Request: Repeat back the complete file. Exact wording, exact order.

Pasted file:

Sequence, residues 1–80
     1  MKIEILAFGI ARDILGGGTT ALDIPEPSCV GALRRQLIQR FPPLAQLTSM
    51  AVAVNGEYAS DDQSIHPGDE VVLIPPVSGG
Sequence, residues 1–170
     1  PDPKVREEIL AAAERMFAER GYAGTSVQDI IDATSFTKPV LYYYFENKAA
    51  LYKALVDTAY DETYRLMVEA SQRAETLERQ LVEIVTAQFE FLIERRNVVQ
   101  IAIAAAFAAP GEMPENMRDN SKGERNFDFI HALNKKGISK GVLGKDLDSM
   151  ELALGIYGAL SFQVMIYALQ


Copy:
Sequence, residues 1–80
     1  MKIEILAFGI ARDILGGGTT ALDIPEPSCV GALRRQLIQR FPPLAQLTSM
    51  AVAVNGEYAS DDQSIHPGDE VVLIPPVSGG
Sequence, residues 1–170
     1  PDPKVREEIL AAAERMFAER GYAGTSVQDI IDATSFTKPV LYYYFENKAA
    51  LYKALVDTAY DETYRLMVEA SQRAETLERQ LVEIVTAQFE FLIERRNVVQ
   101  IAIAAAFAAP GEMPENMRDN SKGERNFDFI HALNKKGISK GVLGKDLDSM
   151  ELALGIYGAL SFQVMIYALQ